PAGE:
Yesterday, the National Center for Education Statistics (NCES), the research arm of the U.S. Department of Education, published “Teacher Attrition and Mobility: Results From the 2012-13 Teacher Follow-up Survey.”  Researchers from the U.S. Census Bureau surveyed a representative sample of the elementary and secondary school teachers who participated in the 2011-12 Schools and Staffing Survey (SASS), a multidimensional survey conducted by NCES every four years.

NCES reports that during the 2012-13 school year, approximately 84 percent of public school teachers surveyed remained at their current school.  The other 16 percent either moved to another school or left the profession.

The N.C. Department of Public Instruction (DPI) counts movers and leavers as turnover, so I will do the same with the NCES data.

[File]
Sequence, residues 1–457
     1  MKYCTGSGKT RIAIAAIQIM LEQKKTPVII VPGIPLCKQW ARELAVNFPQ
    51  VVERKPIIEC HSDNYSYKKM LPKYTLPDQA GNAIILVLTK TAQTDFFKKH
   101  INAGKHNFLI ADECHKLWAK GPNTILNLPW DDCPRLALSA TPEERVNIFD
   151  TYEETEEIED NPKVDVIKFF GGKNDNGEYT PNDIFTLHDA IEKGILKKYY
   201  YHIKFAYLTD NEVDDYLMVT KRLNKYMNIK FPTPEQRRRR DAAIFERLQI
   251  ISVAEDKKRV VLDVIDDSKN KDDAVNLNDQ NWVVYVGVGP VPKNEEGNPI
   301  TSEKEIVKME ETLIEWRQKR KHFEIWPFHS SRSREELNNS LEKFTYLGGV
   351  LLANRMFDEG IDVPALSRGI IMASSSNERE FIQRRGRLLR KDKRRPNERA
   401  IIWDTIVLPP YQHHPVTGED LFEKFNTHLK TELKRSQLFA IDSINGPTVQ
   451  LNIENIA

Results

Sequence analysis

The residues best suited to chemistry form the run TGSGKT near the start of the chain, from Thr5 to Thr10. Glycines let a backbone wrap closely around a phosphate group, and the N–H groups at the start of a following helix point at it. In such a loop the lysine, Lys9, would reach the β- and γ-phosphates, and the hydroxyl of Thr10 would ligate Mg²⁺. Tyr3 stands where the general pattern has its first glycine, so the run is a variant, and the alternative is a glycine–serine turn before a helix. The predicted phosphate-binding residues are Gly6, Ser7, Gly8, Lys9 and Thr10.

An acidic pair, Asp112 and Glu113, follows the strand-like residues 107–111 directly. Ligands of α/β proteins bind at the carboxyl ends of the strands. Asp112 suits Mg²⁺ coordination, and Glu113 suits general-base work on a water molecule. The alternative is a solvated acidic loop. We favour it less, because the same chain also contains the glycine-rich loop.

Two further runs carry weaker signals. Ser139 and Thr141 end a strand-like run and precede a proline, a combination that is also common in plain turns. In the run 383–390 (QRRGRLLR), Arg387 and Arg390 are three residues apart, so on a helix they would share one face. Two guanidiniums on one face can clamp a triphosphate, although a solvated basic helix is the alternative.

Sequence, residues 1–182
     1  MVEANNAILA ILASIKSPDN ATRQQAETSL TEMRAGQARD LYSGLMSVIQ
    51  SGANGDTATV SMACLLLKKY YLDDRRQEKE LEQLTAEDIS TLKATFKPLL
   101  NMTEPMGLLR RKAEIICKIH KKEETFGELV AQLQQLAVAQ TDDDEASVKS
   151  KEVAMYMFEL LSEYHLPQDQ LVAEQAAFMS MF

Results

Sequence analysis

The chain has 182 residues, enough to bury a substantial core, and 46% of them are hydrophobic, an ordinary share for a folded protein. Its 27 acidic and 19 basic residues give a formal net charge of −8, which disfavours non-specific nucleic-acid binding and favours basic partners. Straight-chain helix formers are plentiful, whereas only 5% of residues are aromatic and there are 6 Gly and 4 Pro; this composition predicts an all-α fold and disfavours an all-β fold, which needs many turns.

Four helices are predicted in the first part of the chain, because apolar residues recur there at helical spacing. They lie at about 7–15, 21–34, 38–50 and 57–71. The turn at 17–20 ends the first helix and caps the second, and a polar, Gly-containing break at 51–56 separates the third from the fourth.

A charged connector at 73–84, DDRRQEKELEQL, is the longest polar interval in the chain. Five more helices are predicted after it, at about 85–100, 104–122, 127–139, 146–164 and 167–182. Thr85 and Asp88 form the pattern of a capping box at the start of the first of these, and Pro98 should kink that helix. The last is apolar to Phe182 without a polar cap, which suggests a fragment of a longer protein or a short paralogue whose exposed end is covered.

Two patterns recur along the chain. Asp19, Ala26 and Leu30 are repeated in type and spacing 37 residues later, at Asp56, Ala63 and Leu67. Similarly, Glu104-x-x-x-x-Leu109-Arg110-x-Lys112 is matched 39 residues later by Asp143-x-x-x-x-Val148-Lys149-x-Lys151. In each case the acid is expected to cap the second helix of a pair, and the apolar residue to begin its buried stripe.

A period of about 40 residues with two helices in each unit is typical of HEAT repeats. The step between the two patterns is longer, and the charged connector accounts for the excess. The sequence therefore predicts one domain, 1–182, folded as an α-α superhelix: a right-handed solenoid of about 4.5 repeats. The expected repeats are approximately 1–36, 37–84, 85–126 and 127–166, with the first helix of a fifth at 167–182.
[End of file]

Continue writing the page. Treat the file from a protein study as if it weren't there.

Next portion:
Please note that each define their turnover categories differently.  There are also significant differences in the way turnover data is collected, analyzed, and reported by the two agencies.  For example, rather than survey a representative sample, N.C. DPI tracks the movement of the entire teacher population in the state.  Given these differences, interpret these findings with caution. (For an excellent discussion of teacher turnover data, read this Shanker Blog post by Matt DiCarlo.)

Here is how North Carolina compares to the NCES estimates for 2012-13:

United States: 15.8 percent

North Carolina: 14.3 percent

Using data from the NCES and N.C. DPI, I found that this has been a consistent trend.

Year U.S. N.C.
2000–01 15.1 13.96
2004–05 16.5 12.95
2008–09 15.6 12.72
2012–13 15.8 14.33